Historical diaries are intriguing because we know how the era or big picture ended. When the period or person is significant, the day-to-day trivialities take on special meaning. While the trivialities are not too dissimilar to our own minute by minute, hour by hour and day by day events, we know that ultimately they end in bigger meaning.
The current economic malaise, with periodic optimism from the Administration and media, is lost in the day to day trivialities of life. Even for those focused on the problem, positive reports are offset by negative ones. It is difficult to know which ones to believe or even whether they are significant. There is so much “noise” that it is difficult to sort out what is real and meaningful.
The big picture is not apparent as one lives it. It is difficult to ascertain whether history is being made, or we are just dealing with the vagaries of just another slowdown.
I received an email from a friend with a book recommendation. It represents a diary compiled during the Great Depression. I have started the book and am very intrigued. The friend’s judgment is excellent so I knew I would enjoy the read. For those interested in what it is like to live through history, the book might be a good read. It might also put some of all the “noise” we seem to be getting into perspective.
A brief summary can be obtained from Public Affairs.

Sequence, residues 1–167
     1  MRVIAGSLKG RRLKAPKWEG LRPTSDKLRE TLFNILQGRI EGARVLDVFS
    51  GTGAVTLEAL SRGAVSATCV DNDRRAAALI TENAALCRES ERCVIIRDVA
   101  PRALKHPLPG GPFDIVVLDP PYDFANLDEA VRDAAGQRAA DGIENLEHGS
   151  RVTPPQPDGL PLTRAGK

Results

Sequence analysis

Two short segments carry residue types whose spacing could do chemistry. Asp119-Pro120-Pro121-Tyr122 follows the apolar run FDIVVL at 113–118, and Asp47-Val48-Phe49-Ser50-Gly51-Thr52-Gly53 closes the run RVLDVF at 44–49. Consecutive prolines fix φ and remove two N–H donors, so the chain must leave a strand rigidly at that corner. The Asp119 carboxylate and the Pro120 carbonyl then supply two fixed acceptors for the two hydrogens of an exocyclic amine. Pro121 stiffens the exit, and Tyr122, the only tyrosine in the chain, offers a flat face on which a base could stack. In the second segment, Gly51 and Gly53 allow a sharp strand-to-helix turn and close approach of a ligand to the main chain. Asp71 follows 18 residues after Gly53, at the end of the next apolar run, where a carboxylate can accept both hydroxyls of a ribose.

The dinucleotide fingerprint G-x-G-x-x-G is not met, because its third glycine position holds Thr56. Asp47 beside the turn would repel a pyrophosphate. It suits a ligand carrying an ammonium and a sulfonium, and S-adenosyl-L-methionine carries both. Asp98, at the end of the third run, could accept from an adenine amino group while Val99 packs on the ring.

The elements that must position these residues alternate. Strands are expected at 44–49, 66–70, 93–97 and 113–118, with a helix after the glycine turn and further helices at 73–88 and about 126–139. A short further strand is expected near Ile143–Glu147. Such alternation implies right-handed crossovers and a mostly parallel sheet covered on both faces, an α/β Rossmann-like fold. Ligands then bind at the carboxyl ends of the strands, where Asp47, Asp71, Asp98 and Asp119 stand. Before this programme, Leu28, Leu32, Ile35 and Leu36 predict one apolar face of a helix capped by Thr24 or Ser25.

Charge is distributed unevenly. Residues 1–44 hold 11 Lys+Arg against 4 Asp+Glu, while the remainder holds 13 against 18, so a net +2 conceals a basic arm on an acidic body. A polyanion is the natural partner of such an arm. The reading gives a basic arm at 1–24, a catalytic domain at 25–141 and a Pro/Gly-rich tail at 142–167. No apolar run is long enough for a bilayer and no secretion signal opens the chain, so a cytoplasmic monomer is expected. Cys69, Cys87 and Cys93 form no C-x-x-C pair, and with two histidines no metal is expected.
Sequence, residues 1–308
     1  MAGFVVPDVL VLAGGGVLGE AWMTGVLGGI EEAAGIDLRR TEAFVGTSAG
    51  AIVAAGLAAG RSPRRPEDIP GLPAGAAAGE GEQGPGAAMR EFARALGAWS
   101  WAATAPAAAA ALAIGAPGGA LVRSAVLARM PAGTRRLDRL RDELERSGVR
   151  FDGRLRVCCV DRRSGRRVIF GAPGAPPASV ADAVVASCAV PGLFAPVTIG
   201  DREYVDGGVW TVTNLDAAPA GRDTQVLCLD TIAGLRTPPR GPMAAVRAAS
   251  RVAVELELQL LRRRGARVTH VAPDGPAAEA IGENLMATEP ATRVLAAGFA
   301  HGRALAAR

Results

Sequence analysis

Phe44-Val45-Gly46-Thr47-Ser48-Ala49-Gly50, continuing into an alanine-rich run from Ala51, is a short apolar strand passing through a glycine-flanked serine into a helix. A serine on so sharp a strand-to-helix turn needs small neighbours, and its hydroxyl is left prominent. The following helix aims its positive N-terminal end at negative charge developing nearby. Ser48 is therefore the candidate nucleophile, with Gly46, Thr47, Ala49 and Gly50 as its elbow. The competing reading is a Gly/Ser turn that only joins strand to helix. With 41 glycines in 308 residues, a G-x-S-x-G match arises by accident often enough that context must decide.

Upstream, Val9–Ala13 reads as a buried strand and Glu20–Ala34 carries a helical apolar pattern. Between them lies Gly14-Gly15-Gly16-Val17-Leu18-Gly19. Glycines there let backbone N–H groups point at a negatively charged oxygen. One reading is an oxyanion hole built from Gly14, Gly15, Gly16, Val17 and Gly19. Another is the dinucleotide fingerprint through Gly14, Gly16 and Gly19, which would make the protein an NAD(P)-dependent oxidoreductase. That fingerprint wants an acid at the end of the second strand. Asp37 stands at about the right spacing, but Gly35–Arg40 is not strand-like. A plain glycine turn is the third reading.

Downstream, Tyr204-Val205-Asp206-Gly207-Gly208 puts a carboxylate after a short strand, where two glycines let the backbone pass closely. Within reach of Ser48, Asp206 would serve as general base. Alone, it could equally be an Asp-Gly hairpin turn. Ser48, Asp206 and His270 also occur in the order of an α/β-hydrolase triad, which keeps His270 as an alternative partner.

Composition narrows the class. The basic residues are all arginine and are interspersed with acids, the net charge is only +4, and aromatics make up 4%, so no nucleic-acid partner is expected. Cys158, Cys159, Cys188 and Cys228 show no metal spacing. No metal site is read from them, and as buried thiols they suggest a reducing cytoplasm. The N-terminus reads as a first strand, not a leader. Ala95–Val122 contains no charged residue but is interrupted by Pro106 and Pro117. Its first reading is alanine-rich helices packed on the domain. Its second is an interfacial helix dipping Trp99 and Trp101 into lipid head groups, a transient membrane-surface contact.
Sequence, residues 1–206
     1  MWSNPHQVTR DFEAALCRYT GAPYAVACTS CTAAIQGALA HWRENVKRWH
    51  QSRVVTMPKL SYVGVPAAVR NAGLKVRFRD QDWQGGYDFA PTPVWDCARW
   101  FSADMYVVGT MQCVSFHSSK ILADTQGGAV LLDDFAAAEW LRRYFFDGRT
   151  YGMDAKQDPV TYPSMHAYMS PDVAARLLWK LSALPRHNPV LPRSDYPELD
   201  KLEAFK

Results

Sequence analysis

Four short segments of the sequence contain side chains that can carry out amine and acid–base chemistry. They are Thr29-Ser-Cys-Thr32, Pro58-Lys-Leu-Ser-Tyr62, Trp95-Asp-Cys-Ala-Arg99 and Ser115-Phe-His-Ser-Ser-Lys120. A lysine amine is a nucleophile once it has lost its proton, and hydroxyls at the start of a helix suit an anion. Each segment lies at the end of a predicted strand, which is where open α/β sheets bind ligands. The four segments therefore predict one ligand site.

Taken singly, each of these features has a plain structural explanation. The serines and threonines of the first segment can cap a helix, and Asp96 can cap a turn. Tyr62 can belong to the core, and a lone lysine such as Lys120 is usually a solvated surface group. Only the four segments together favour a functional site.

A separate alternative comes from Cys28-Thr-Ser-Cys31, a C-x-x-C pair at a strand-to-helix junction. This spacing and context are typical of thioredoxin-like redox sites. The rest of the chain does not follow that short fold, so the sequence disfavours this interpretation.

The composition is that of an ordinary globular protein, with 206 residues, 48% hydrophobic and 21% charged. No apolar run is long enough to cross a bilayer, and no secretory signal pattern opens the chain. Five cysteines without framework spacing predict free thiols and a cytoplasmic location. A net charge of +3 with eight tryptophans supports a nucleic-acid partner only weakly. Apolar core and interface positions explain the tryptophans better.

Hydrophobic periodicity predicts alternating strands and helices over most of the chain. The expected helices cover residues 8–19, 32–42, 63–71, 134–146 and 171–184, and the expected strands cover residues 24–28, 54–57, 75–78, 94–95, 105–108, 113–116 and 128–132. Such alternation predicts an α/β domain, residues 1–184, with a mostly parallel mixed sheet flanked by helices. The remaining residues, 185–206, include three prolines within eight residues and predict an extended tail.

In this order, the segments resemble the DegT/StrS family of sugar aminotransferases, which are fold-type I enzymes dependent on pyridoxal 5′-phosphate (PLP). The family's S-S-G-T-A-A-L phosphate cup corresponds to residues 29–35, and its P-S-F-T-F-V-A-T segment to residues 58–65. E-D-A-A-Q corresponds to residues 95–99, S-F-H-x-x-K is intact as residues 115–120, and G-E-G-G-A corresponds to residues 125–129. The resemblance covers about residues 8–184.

Friend’s comments in red below:
The Great Depression: A Diary
Brown’s first recommendation is an old story that still resonates today. The Great Depression: A Diary is a personal account of the economic disaster that took place in the 1930s.
The journal entries of Benjamin Roth, a lawyer from Youngstown, Ohio, have been resurrected and published by his son Daniel B. Roth.
“It’s a blow-by-blow account from the point of view of a professional guy. Not a sort of a Dorothea Lange character from the real underclass, but just a regular, professional guy who, day by day, chronicled his reaction to this terrible depression that settled on the land,” says Brown.
She says she found Roth’s account fascinating because he, like many people suffering in the financial tumult of the past year, did not know what the next day would bring.
“Every diary is a mystery story to the person who’s writing it,” says Brown. “We’re in the middle of our own mystery tour of this depression.”
If anyone is familiar with the book or chooses to read it, I would be pleased to obtain an opinion.
The reporting of Benjamin Anderson on the Great Depression in his book Economics and the Public Welfare: A Financial and Economic History of the United States, 1914-1946., is a book that I have read and recommend. While not a diary, it represents primarily contemporaneous reporting by Andersen in his role as an economic journalist. In 1920 he joined Chase Manhattan Bank and became the editor of the influential Chase Economic Bulletin where his timely analyses of the period were like a diary of the economic policies that led up to and prolonged the Great Depression.
Anderson was a man of integrity and had an Austrian Economics orientation. A biographical sketch of Benjamin Anderson is available here.